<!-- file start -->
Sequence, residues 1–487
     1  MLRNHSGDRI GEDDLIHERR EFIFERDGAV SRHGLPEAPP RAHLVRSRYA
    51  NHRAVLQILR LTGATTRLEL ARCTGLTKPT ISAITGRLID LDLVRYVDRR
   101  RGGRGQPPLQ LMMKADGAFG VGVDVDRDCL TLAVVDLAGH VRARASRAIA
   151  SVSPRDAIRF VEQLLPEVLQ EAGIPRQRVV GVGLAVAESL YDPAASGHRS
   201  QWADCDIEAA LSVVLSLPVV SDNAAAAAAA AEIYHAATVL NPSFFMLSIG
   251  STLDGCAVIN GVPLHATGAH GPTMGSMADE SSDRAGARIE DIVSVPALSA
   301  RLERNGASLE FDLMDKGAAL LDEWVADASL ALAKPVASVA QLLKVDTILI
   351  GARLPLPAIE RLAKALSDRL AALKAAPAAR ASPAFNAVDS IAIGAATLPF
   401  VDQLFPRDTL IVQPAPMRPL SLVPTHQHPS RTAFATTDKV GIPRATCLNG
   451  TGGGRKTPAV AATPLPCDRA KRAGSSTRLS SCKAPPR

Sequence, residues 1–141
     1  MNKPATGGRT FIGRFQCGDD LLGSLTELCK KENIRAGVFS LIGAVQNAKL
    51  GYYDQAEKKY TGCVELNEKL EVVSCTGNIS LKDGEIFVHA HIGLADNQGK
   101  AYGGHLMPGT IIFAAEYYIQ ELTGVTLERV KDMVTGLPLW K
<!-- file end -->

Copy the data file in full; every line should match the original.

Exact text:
Sequence, residues 1–487
     1  MLRNHSGDRI GEDDLIHERR EFIFERDGAV SRHGLPEAPP RAHLVRSRYA
    51  NHRAVLQILR LTGATTRLEL ARCTGLTKPT ISAITGRLID LDLVRYVDRR
   101  RGGRGQPPLQ LMMKADGAFG VGVDVDRDCL TLAVVDLAGH VRARASRAIA
   151  SVSPRDAIRF VEQLLPEVLQ EAGIPRQRVV GVGLAVAESL YDPAASGHRS
   201  QWADCDIEAA LSVVLSLPVV SDNAAAAAAA AEIYHAATVL NPSFFMLSIG
   251  STLDGCAVIN GVPLHATGAH GPTMGSMADE SSDRAGARIE DIVSVPALSA
   301  RLERNGASLE FDLMDKGAAL LDEWVADASL ALAKPVASVA QLLKVDTILI
   351  GARLPLPAIE RLAKALSDRL AALKAAPAAR ASPAFNAVDS IAIGAATLPF
   401  VDQLFPRDTL IVQPAPMRPL SLVPTHQHPS RTAFATTDKV GIPRATCLNG
   451  TGGGRKTPAV AATPLPCDRA KRAGSSTRLS SCKAPPR

Sequence, residues 1–141
     1  MNKPATGGRT FIGRFQCGDD LLGSLTELCK KENIRAGVFS LIGAVQNAKL
    51  GYYDQAEKKY TGCVELNEKL EVVSCTGNIS LKDGEIFVHA HIGLADNQGK
   101  AYGGHLMPGT IIFAAEYYIQ ELTGVTLERV KDMVTGLPLW K